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MILITARY TECHNOLOGY (MILTECH) is the world's leading international tri-service defence monthly magazine in the English language. MILITARY TECHNOLOGY is "Required Reading for Defence Professionals". Follow us on Twitter: MILTECH1

13 May 2014

AUVSI 2014: RUAG’s UGVs Going from Strength to Strength

RUAG Defence, a strategic partner of international land forces, is continuing to invest in and develop its robotics technology. Already the company’s retrofitable VERO system contains all the electronic components and sophisticated sensory equipment needed to convert any existing vehicle to perform with supervised autonomy .To further enhance the capabilities of the system it took part in field tests in early May relating to obstacle recognition using lasers.

RUAG VERO System integrated in an General Dynamics European Land Systems (GDELS) EAGLE IV. (Photo: RUAG)

Robustness is the cornerstone of RUAG’s approach to robotics. For UGVs to finally take their rightful place in operations they must be able to function with no exceptions. This relies on the security and effectiveness of the communications link. Thanks to RUAG’s experience in secure communications, through the company’s wider applications, it is able to guarantee that the link to the vehicle will be maintained.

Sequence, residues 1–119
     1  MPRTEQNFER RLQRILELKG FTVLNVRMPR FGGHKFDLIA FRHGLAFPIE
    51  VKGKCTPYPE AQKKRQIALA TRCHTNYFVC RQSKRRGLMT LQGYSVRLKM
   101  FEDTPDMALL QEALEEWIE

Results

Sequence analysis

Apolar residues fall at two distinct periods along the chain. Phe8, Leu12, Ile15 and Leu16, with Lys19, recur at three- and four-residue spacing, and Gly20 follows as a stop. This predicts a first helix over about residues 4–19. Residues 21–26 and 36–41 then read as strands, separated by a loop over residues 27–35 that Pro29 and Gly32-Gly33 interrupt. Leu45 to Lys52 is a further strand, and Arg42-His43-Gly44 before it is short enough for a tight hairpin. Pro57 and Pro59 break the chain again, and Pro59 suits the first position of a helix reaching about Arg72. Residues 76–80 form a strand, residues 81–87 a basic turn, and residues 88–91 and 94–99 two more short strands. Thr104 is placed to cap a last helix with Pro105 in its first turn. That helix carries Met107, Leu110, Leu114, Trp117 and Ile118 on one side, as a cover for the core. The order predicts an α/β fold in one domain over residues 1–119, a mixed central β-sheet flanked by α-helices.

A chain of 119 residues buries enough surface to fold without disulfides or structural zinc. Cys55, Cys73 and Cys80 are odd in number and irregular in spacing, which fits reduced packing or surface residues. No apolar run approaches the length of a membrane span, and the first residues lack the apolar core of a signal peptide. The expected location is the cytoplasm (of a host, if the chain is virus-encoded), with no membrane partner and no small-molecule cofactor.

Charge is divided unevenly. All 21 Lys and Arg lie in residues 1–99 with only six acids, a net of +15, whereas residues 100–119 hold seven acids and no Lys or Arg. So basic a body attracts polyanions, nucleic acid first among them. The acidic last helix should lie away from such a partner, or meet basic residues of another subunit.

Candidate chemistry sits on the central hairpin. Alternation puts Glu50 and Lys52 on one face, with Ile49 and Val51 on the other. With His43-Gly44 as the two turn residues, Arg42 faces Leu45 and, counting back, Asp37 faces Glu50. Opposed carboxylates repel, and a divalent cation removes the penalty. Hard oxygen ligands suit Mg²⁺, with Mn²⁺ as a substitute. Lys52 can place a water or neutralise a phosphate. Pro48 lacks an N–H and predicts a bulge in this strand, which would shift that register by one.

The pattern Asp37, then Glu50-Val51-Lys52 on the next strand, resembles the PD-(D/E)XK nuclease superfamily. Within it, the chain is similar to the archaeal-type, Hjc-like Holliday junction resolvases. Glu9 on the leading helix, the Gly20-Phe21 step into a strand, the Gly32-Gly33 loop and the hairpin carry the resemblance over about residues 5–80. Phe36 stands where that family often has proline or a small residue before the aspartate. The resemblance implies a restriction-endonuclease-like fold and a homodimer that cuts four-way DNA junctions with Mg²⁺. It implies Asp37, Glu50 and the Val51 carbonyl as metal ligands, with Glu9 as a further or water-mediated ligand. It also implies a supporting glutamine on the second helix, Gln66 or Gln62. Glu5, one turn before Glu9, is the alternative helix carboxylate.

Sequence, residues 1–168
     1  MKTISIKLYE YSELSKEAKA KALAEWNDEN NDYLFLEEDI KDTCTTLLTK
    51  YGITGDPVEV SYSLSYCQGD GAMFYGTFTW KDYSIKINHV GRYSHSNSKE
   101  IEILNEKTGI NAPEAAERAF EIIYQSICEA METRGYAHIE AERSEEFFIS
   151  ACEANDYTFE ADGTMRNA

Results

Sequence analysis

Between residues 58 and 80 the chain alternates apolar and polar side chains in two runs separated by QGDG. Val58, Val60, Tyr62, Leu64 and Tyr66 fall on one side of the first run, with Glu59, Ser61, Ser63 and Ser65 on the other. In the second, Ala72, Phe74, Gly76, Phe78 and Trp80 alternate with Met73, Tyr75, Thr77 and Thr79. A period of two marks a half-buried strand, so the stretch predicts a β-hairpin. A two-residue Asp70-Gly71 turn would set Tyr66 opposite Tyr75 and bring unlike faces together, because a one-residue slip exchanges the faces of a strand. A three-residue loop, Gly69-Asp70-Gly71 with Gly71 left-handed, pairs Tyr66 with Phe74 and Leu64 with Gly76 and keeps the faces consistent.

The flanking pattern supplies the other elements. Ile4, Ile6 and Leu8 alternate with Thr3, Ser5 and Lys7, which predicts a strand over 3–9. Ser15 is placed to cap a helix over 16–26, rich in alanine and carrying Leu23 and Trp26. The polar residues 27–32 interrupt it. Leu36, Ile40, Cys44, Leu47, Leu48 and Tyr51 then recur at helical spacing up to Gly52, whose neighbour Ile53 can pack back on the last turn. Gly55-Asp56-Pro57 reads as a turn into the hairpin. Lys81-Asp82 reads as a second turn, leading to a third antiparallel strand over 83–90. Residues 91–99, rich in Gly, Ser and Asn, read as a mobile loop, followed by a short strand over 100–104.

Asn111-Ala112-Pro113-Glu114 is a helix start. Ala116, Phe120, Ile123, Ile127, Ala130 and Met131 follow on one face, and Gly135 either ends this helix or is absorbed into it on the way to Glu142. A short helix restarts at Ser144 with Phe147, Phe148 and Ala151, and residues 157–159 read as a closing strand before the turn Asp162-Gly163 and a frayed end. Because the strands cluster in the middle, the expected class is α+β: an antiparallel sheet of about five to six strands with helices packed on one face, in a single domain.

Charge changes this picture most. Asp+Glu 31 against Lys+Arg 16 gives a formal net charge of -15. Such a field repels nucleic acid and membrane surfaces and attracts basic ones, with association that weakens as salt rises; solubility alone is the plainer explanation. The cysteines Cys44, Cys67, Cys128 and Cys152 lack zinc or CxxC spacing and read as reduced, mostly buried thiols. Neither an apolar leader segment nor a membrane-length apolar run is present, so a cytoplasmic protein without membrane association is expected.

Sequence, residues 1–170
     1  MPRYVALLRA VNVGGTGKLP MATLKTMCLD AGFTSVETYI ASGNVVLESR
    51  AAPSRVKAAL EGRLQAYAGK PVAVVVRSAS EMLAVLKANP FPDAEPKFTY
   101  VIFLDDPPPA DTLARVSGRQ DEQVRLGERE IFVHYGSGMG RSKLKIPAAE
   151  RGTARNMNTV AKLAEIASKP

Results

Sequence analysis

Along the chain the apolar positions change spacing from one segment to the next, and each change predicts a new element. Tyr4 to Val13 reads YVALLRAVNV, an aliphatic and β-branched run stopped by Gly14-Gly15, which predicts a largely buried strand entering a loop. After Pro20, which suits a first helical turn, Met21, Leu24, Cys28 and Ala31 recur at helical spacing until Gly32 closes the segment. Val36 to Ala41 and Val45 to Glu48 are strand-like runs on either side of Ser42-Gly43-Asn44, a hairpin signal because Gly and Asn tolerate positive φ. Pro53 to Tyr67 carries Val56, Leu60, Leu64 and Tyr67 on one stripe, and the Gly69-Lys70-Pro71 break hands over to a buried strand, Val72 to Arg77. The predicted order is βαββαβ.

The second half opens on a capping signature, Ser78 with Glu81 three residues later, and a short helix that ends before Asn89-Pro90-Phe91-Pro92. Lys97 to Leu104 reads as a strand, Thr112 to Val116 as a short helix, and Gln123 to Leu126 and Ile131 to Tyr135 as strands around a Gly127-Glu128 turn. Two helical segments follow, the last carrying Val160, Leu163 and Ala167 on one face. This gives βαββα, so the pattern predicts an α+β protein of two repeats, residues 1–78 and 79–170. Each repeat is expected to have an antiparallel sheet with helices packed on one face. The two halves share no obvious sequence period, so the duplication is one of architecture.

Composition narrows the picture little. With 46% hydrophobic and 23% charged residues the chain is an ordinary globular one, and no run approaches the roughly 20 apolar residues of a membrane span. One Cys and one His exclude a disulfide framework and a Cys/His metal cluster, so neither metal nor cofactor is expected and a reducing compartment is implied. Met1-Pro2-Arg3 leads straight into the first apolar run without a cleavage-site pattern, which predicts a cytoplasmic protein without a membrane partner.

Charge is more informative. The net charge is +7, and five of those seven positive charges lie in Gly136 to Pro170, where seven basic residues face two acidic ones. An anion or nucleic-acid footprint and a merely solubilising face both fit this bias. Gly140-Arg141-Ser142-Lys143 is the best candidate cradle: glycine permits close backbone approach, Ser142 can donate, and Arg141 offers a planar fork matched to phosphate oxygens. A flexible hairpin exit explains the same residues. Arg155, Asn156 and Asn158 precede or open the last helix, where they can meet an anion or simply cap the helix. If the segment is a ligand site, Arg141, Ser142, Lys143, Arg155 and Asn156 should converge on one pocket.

Cameras and sensors, used in conjunction with RUAG software, allow any vehicle fitted with the VERO system to learn a route to drive or alternatively the route can be programmed using a simple interface. The vehicle will then drive the route at the request of its operator, constantly scanning the area around it for obstacles and threats and relaying that information to a central control station and the operator. Alternatively the vehicle can be operated simply using remote control. The dual operation modes have been developed to provide maximum flexibility during deployment.

Vehicles fitted with the VERO system operate with supervised autonomy, the highest level of autonomy currently available on the market and that most desired by forces. This autonomy state keeps a human “in the loop” always knowing what the vehicle is doing and able to intervene if necessary. This operator is constantly fed with information and can sit either within sight of the vehicle or kilometres away.

UGVs are set to play an ever increasing role as part of forces deployed into a combat theatre, with studies suggesting investment will break the one billion U$ mark by 2021. RUAG remains committed to further invest in, develop and test unmanned vehicle technology.

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